Launch of $50,000 Montreal International Poetry Prize   > read more...


Monday 28 March 2011

Asked to comment on the audacity of launching a global English poetry prize in Montreal, Epp says, “It’s not necessarily audacious. It’s certainly interesting. We think it’s a great thing for Montreal, not just for the English-speaking community.

Becoming a writer   > read more...


Sunday 27 March 2011

Email, the Internet, Facebook and newspapers – whether in print or online – are the enemies of writing. Reading is the enemy of writing.

The Literary Life (Part 2 of 2)   > read more...


Wednesday 23 March 2011

Writers are always complaining they don’t have enough time to write, even those who are “full-time” writers. I used to find that puzzling, but now that I have joined the ranks of full-time writers, I understand better. The question, “When do you write?” is not a silly question. This is why writers are careful to broach it only with close friends. The answer has something to do with what I write – and a lot to do with whether I write at all.

The Literary Life [Part 1 of 2]: A day to bottle?   > read more...


Monday 21 March 2011

Is there a way of bottling the good reviews? Steeping them in brine? Or, given the wintry day, flash-freezing them so that there they'll be ready to cheer me up all over again another day.

The Social Network: A good film, but not a great film   > read more...


Sunday 20 March 2011

Would anyone have bothered making The Social Network – or praising it – if it weren’t for the fact that Zuckerberg ended up with $26 billion?

From Tom Ložar: "It totters when she licks it with her tongue" / Trema se lei con la lingua lo lambisce   > read more...


Thursday 17 March 2011

Translation is not something we do for the lazy who cannot be bothered to learn the language of the original. Translation is so that you can read a poem you've already read … for the first time again.

Mavis Gallant, Home Truths & the Anglo Literary Revival   > read more...


Saturday 12 March 2011

The best stories I have ever read about Montreal are the Linnet Muir stories that appeared in The New Yorker in 1978 and 1979. Set mostly in wartime Montreal, the stories dip back into the more distant past of Linnet Muir’s—and Mavis Gallant’s own—childhood memories of Montreal in the 1920s.

"In Other Words" posts, Globe Books   > read more...


Friday 11 March 2011

From Samuel Beckett to Nelly Arcan, and from Scottish writing to Blue Metropolis, literary posts from "In Other Words" on Globe Books

Arguments for brevity, the possibility of wit   > read more...


Friday 11 March 2011

It’s not as though we have such precise notions of the length of a novel, which has been described as a narrative fiction of “a certain length.”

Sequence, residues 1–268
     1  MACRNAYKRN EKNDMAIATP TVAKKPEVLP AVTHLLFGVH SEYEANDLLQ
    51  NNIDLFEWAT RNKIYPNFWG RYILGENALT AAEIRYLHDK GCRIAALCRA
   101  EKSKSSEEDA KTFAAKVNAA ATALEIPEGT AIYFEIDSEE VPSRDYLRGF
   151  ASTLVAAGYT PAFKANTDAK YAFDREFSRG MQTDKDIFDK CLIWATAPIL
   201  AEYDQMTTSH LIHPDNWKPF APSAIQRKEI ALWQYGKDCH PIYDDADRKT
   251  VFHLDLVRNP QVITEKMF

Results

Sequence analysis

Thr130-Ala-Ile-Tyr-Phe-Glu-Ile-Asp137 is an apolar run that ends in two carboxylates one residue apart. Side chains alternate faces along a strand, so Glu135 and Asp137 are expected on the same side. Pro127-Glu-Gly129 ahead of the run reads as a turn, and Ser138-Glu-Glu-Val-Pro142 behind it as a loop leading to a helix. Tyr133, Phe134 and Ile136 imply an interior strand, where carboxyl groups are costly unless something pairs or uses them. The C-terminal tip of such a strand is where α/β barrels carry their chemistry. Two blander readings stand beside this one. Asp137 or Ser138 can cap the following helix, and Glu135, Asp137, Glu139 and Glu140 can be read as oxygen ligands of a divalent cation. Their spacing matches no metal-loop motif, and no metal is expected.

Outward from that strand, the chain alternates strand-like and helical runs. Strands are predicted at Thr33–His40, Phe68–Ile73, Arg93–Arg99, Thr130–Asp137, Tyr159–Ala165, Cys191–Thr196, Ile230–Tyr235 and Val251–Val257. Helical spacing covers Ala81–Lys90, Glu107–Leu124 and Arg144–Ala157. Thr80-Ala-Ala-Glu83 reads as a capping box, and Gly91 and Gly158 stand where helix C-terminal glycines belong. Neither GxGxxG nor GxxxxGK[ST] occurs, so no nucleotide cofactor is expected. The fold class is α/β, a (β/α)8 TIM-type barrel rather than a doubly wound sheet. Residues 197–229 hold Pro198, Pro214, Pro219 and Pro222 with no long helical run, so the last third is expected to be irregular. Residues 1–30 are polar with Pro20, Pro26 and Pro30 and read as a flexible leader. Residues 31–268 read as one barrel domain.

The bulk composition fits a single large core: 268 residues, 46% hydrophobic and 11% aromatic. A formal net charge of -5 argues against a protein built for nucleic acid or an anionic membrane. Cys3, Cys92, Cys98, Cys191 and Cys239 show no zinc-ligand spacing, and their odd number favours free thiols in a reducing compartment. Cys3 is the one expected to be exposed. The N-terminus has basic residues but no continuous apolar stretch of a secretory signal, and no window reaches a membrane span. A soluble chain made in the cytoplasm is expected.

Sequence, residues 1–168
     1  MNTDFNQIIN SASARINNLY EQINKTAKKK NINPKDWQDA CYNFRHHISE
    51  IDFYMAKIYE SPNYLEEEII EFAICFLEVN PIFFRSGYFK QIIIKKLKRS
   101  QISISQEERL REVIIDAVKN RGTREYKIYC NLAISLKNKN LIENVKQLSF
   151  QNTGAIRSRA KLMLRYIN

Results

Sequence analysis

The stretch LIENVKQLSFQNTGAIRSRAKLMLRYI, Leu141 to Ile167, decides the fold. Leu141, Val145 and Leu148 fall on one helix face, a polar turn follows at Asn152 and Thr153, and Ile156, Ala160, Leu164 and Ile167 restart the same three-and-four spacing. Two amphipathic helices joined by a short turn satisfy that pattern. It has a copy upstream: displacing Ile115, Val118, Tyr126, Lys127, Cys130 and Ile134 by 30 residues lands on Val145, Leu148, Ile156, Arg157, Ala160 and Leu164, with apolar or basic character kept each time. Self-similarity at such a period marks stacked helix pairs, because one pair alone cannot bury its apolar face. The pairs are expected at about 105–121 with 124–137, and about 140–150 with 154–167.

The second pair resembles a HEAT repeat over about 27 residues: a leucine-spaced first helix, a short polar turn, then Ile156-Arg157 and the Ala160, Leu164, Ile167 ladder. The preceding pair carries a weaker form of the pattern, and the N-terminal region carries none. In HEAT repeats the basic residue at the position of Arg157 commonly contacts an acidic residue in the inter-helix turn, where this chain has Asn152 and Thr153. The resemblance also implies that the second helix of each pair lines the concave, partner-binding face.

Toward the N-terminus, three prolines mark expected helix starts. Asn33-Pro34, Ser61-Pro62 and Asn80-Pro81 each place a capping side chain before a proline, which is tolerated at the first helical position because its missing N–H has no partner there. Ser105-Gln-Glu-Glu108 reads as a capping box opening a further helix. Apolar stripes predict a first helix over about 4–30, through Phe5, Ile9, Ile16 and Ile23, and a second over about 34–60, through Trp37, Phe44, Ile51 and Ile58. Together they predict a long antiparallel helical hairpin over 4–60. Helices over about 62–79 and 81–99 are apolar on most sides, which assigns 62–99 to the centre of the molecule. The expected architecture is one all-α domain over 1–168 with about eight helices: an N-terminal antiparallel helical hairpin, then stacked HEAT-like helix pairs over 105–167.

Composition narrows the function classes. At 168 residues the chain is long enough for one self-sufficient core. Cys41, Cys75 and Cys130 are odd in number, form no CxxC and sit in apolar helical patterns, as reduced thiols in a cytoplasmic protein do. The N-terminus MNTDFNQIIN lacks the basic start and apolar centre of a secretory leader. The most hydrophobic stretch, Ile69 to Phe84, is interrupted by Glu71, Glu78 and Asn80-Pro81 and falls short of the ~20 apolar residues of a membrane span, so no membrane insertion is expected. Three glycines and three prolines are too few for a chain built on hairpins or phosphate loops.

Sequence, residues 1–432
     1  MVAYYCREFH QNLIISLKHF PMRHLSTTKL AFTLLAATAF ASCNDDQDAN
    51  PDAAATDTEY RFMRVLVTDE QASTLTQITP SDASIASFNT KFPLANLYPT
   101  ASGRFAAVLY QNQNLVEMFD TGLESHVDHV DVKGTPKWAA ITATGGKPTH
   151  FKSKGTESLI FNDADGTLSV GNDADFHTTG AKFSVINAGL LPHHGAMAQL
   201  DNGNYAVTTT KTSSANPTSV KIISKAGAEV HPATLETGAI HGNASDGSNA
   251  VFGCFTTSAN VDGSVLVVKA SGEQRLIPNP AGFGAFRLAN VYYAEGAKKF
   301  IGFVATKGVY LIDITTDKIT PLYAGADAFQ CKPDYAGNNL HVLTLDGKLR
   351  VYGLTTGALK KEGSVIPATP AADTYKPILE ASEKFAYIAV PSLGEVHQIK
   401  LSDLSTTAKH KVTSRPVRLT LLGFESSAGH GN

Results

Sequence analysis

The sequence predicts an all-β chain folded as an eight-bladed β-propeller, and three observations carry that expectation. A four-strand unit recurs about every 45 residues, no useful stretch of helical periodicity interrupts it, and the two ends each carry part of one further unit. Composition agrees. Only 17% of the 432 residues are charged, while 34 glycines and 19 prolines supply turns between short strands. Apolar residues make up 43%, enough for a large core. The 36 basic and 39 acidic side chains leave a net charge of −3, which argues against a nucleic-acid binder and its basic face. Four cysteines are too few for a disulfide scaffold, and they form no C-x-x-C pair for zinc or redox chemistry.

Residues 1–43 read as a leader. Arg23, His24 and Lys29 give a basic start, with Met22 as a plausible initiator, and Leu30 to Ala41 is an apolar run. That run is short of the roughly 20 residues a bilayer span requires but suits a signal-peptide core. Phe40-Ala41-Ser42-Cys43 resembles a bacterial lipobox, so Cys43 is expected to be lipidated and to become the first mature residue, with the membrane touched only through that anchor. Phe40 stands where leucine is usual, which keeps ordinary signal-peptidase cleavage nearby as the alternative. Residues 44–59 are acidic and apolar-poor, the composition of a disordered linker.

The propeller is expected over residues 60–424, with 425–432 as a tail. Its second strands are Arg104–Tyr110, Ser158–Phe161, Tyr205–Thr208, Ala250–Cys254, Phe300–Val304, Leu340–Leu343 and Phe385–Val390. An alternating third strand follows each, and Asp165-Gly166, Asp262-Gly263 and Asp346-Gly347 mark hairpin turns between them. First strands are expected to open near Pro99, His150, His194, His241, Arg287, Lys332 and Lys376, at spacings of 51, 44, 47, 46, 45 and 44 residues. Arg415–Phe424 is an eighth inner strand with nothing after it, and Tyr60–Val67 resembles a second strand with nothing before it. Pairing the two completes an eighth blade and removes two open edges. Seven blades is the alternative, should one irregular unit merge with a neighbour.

From Erika Ritter: "You're not Uncle Bunny! Uncle Bunny is good and kind!"   > read more...


Friday 11 March 2011

Who can forget Hancock's saggy, saturnine face in a bunny costume he was forced to wear while working as a toy store clerk--until he was outed by a child shrieking in a very English accent, "You're not Uncle Bunny! Uncle Bunny is good and kind!"?

.ll.   > read more...


Tuesday 8 March 2011

A place for different readers and writers to comment, and a gallery for photographers.

From far away, from right here   > read more...


Saturday 5 March 2011

It used to be that you could get better Hungarian sausages in Montreal than you could in Budapest. So many of the Hungarians have left, taking with them their flourless cakes and their cafés, so I’m not sure that’s still true, but others have arrived to take their place. Ingredients are now available here to make dishes from across the globe, and there are now Iranian, Russian, Georgian, Polish, Italian, Tamil, Vietnamese, Peruvian, Mexican, Chinese, Korean, Japanese, Thai, Lebanese, and Ethiopian restaurants all within walking distance.

An Online Literary Salon   > read more...


Thursday 3 March 2011

On a situation comedy that thrived on BBC television in the late 1950s, the great Tony Hancock was frustrated by the difficulty of using a dictionary to figure out how to spell a word. The problem, as Hancock explained it in this particular episode of Hancock’s Half Hour, is that you need to know how to spell the word in order to find it in the dictionary in the first place.

This site situates itself in the space between what we want and what we already know how to spell out.

I invite you to join me here, in my own online living room, chez moi, to talk about everything books are about.


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